The attack on the rules-based order
When nations begin to break their own rules and ignore agreed customs, instead of refreshing them and building on them all the time, civilisation sickens at its roots.
Across the international scene there is much talk and much concern about the decline of the rules-based order. The most quoted immediate examples are Russia’s flouting of international law, China’s similar disregard, at least in some areas, President Donald Trump’s attack on world trade rules and general dislike of most multilateral institutions, Syria’s destruction of its own citizens, Myanmar’s the same, paralysis at the United Nations, civilian slaughter in Yemen and the erosion of global arms control agreements and much more besides.
These are the obvious symptoms, although digging deeper there are even more ominous signs. But before we come to those what do we really mean by the rule-based order?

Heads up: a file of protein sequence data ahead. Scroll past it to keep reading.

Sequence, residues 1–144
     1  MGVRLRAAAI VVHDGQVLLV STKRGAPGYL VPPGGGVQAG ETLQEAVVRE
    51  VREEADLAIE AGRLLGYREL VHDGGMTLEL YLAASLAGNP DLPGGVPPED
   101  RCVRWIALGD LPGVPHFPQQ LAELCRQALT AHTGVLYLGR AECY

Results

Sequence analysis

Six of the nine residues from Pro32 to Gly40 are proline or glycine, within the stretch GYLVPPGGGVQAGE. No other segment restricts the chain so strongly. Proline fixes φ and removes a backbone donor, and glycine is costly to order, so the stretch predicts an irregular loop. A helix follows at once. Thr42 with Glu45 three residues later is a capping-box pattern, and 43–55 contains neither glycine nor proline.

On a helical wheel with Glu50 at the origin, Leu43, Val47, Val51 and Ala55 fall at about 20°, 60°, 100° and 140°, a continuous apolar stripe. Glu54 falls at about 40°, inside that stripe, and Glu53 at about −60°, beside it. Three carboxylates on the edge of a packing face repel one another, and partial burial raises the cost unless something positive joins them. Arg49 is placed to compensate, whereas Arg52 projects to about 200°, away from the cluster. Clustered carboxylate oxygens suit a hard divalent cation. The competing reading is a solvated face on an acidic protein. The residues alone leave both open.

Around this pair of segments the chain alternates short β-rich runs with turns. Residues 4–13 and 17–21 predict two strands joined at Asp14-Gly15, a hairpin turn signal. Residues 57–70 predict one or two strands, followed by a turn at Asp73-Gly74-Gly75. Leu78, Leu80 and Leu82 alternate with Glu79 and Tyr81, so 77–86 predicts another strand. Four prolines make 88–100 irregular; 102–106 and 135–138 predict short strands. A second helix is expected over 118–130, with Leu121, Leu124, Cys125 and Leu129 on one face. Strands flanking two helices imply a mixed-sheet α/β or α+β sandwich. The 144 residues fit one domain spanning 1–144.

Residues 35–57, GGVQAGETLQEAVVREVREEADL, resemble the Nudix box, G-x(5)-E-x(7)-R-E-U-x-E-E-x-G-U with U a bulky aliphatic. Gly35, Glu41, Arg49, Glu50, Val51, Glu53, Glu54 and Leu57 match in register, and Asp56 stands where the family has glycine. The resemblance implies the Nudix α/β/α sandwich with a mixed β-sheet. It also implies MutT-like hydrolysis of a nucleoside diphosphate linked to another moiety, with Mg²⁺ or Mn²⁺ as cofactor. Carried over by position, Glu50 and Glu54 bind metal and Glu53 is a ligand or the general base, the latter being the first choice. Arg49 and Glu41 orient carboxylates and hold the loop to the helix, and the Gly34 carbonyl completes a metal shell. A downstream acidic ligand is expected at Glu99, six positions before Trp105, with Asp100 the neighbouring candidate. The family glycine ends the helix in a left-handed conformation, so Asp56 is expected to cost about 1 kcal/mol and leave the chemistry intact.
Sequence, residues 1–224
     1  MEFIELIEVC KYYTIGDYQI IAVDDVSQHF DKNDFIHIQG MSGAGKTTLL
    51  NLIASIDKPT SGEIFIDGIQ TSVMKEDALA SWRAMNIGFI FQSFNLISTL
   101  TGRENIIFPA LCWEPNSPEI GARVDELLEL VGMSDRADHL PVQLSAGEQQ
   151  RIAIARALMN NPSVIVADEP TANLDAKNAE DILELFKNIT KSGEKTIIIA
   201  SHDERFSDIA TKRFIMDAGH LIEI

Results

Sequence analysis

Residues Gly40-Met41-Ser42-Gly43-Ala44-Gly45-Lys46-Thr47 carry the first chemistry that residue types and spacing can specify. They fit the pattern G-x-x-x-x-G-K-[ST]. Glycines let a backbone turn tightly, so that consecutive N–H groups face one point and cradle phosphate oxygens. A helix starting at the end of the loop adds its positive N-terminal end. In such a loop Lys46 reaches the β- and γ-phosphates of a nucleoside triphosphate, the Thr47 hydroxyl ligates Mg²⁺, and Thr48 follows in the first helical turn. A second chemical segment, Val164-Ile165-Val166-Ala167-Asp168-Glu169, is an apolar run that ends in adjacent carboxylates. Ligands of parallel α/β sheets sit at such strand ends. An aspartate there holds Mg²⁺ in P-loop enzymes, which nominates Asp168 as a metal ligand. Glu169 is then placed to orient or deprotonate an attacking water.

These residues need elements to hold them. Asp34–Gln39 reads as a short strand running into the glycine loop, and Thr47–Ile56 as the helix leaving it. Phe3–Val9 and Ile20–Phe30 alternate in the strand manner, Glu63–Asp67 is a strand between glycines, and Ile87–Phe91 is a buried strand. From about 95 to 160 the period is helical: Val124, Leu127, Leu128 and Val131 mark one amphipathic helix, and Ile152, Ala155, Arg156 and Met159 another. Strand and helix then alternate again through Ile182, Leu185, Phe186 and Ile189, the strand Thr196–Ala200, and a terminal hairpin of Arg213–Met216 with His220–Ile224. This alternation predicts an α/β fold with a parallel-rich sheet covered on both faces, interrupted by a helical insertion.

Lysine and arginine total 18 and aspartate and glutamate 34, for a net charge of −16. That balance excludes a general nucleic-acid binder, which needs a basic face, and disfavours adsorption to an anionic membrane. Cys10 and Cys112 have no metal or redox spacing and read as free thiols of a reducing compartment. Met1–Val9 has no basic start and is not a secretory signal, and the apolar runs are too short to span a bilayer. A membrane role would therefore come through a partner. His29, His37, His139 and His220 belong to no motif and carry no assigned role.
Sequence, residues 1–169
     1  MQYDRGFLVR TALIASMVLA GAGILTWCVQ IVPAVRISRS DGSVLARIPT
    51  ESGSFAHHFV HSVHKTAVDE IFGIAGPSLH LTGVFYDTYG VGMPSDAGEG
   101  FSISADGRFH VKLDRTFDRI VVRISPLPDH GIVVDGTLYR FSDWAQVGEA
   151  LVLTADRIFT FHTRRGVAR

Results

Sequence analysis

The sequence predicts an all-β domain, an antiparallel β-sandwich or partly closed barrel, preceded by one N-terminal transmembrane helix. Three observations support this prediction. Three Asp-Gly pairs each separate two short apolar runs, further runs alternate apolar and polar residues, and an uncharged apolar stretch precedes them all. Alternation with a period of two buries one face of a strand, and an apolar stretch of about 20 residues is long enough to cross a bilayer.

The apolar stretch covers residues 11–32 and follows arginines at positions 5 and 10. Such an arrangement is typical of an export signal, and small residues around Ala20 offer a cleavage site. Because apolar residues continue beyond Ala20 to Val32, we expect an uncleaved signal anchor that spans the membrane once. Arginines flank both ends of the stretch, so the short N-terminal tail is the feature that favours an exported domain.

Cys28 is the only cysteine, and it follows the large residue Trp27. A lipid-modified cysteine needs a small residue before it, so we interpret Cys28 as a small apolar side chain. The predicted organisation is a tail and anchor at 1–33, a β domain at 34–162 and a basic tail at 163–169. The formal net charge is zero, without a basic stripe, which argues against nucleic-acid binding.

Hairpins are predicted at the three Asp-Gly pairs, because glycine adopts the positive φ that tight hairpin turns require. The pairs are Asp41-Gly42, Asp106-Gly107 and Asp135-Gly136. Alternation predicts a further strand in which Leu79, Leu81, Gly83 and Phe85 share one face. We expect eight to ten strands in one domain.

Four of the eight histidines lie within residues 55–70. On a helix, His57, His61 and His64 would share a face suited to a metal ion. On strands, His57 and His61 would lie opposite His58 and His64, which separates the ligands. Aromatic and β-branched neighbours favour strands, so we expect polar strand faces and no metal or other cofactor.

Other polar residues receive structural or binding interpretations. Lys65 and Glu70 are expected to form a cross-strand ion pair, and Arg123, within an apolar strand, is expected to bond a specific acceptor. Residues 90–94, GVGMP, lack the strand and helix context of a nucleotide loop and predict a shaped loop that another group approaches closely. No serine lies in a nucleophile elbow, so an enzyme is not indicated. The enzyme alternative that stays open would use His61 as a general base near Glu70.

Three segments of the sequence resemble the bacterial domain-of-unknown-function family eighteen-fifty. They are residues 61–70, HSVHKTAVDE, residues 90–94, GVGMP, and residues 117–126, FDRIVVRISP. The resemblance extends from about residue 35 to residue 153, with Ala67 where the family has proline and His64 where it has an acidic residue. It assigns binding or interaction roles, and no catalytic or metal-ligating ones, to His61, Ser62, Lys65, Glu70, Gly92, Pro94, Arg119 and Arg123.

It is a set of rules by which most nations abide, of promises and undertakings to which most nations adhere. It is a set of institutions, attitudes and customs which have evolved over the last 75 years, during and since the Second World War, but which express the experience of centuries past and draw on the bitter lessons of modern conflict.
It has its roots in cultural disciplines, both humanistic and religious and in the body of beliefs which we label human rights and human obligations—the “rules” which give life meaning.
The international community has created these disciplines, and has supported them up to now with a range of multilateral bodies and treaties, to foster what is good in human nature and to control and restrain what is bad. When nations and peoples begin to break their own rules and ignore agreed customs, instead of refreshing them and building on them all the time, civilisation sickens at its roots. When nations lose control of their own internal minorities and non-state actors take centre stage, the sickness deepens even further.